A Happy Retirement

Dennis Friedman

AS I MENTIONED IN an earlier article, I’ve been writing for HumbleDollar since 2017. Along the way, I set a personal goal of writing 100 articles, not counting the 36 shorter blog posts I’ve penned. This is my 99th article. I’m almost there.

It may not seem like a lofty goal to many people, but to me it’s been a challenge. After I wrote my first article, it took me a year to write another one. When I did, HumbleDollar’s editor said, “Welcome back.” I actually thought he wouldn’t remember me since it was such a long period between articles.

Sometimes, ideas come in bunches and sometimes they’re far between. What I find most difficult when writing about money is finding something to say that’s personal and has value to the reader, while not sounding too much like a broken record. One result: Many of my articles are about my life experiences.

The goal of writing 100 HumbleDollar articles is really about finding personal satisfaction. With each article’s publication, I have a sense of accomplishment. This feeling of being pleased and satisfied with myself after performing a meaningful task is sometimes hard to find in retirement. That’s one of the biggest things I miss about working. It’s probably why some people never fully retire.

Transitioning to retirement, however, has been relatively easy for me. I credit my relationship with my wife. Since we’re both retired, we spend a lot of time together. It’s important to have a solid relationship with your partner. We have one, especially when it comes to money.

I learned an important lesson many years ago about married couples and money: I had a coworker whose husband surprised her with a Mercedes-Benz for her birthday. She was so angry with him for spending so much money that it almost wrecked their marriage. She stopped talking to him and refused to drive the car. They were able to reconcile, but it took time.

Before I proposed to Rachel a few years ago, I thought about buying her a ring first. But I kept thinking about my coworker and that car, so I decided that it would be best if Rachel and I picked out the ring together. That way, she’d not only get something she liked, but also she would have some input on the cost of the ring. She wound up selecting a small, good-quality diamond at a reasonable price.

That’s the way our marriage has been when it comes to making many financial decisions, especially large expenditures. We treat each other not only as a spouse, but also as a business partner.

When we remodeled our house, we made sure each of us was involved in drawing up the contract. If there were any changes, we both were made aware of them before a decision was made. When Moe, our contractor, called me and thought it would be a good idea to add lighting underneath the kitchen cabinets, I consulted Rachel before giving him the go-ahead.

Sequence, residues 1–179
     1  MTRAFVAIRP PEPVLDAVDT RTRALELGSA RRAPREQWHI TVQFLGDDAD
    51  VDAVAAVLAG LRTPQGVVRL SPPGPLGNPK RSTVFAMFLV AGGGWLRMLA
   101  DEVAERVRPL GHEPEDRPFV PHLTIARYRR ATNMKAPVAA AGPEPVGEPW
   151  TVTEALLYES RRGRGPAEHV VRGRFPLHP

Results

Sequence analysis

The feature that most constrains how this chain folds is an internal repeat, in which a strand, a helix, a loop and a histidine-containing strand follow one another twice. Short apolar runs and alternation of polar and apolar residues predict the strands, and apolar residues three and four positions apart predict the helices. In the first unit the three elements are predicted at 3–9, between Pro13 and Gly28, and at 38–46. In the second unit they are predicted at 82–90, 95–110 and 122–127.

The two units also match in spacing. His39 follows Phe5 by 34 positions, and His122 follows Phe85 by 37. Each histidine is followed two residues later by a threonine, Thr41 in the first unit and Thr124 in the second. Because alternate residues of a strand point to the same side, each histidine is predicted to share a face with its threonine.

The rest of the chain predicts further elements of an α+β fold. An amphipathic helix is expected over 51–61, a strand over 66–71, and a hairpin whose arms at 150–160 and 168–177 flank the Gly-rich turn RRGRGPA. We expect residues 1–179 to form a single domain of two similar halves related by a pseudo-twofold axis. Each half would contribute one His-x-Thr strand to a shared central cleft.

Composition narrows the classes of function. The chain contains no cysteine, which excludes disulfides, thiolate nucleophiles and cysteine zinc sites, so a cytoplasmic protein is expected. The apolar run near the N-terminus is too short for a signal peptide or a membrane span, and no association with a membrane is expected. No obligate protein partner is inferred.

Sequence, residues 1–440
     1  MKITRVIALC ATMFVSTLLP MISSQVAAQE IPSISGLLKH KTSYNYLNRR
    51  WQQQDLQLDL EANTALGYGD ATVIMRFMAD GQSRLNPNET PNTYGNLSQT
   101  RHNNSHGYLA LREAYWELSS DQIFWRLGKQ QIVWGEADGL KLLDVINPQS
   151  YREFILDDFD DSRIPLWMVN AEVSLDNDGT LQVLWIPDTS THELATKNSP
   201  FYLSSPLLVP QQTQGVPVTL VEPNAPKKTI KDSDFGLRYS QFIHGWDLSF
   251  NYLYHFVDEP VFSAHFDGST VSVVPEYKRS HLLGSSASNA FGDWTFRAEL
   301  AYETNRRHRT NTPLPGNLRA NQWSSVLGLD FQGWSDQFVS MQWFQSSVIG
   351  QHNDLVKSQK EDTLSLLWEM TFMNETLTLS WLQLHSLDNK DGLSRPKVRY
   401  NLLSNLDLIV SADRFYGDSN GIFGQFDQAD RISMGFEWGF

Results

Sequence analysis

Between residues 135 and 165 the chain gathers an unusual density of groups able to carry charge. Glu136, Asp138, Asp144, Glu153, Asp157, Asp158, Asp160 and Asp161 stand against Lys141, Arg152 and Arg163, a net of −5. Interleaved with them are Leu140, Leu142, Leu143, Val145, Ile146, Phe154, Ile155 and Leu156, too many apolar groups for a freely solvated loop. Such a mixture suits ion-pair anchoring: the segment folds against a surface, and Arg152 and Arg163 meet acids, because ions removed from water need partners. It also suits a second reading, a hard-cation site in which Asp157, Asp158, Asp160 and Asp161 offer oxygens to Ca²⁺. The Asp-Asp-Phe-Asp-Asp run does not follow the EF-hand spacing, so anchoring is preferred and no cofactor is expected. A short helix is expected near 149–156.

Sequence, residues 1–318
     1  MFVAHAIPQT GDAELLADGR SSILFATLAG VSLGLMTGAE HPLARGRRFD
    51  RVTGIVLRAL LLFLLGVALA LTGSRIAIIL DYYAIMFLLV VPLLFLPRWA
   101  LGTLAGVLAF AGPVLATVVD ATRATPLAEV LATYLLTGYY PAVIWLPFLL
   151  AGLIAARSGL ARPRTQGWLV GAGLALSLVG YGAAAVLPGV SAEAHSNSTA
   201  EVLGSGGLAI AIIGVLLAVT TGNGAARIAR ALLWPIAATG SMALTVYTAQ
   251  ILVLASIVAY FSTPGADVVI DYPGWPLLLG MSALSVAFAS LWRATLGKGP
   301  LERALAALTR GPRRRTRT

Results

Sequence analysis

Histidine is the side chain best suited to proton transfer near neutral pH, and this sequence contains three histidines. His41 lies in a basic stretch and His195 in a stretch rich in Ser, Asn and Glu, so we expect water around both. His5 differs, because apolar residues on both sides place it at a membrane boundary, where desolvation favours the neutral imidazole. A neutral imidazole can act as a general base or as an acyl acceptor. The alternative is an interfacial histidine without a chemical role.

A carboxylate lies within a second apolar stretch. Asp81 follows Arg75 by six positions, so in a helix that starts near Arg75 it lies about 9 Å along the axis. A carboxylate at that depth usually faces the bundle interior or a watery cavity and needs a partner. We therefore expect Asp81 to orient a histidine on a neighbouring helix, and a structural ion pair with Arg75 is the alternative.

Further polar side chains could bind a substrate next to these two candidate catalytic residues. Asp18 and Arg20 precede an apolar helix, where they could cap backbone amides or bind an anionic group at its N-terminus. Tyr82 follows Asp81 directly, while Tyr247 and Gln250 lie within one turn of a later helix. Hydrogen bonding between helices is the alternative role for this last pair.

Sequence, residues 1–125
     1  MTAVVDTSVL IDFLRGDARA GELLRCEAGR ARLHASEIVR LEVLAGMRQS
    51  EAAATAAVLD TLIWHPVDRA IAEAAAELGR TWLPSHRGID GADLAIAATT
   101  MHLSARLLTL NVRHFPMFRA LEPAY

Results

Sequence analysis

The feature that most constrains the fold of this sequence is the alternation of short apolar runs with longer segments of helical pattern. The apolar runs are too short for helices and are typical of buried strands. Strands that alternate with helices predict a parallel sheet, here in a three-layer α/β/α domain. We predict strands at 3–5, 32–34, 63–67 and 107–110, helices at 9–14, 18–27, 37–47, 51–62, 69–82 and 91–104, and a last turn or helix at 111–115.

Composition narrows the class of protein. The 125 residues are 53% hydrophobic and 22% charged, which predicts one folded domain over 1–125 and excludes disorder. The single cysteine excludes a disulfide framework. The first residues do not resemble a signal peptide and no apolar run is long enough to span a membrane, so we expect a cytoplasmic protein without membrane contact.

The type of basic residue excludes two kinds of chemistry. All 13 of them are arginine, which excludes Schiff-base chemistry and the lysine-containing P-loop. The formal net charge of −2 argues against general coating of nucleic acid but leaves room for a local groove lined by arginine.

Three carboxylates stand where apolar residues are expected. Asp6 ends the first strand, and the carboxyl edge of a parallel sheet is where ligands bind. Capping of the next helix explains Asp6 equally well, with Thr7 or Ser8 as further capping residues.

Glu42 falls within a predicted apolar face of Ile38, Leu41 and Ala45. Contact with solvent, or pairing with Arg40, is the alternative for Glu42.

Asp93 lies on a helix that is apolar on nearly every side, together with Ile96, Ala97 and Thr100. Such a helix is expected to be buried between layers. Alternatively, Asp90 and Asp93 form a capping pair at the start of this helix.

Surprisingly, we only had one major disagreement in remodeling our home. We have a two-and-a-half bathroom house. We decided to gut and remodel all of the bathrooms. We both agreed to have a walk-in shower in the master bathroom. In the other full-size bathroom, Rachel wanted another walk-in shower. I thought we should keep the same configuration, and simply replace the bathtub and the shower faucet.

My rationale: If we ever sell our house, having a bathtub in one of the bathrooms might make it easier to sell our three-bedroom house to a family with small children. There are also folks who like to wash their dogs in the bathtub. In addition, it might be wise to have that option available if we ever need a tub for ourselves. Rachel agreed.

I don’t always get my way. When we bought our Honda Civic, I wanted a few extras, like SiriusXM radio. She wanted a basic model with no options. Her reasoning: We’re going to eventually buy another vehicle that’s more luxurious for our longer trips. We should wait and get those options on our next car. We’re only going to use this car primarily for short errands around town. It made sense, so I agreed.

We also make each other aware of the details of our own individual investments, such as IRAs and 401(k). This way, we make sure our total allocation is in alignment with our risk tolerance and time horizon. More important, with both of us fully and openly engaged in our finances, it makes it easier for one of us to take over if the other becomes incapacitated or passes away. The key to our financial relationship can be summed up in two words: participation and compromise.

Dennis Friedman retired from Boeing Satellite Systems after a 30-year career in manufacturing. Born in Ohio, Dennis is a California transplant with a bachelor’s degree in history and an MBA. A self-described “humble investor,” he likes reading historical novels and about personal finance. Check out his earlier articles and follow him on Twitter @DMFrie.

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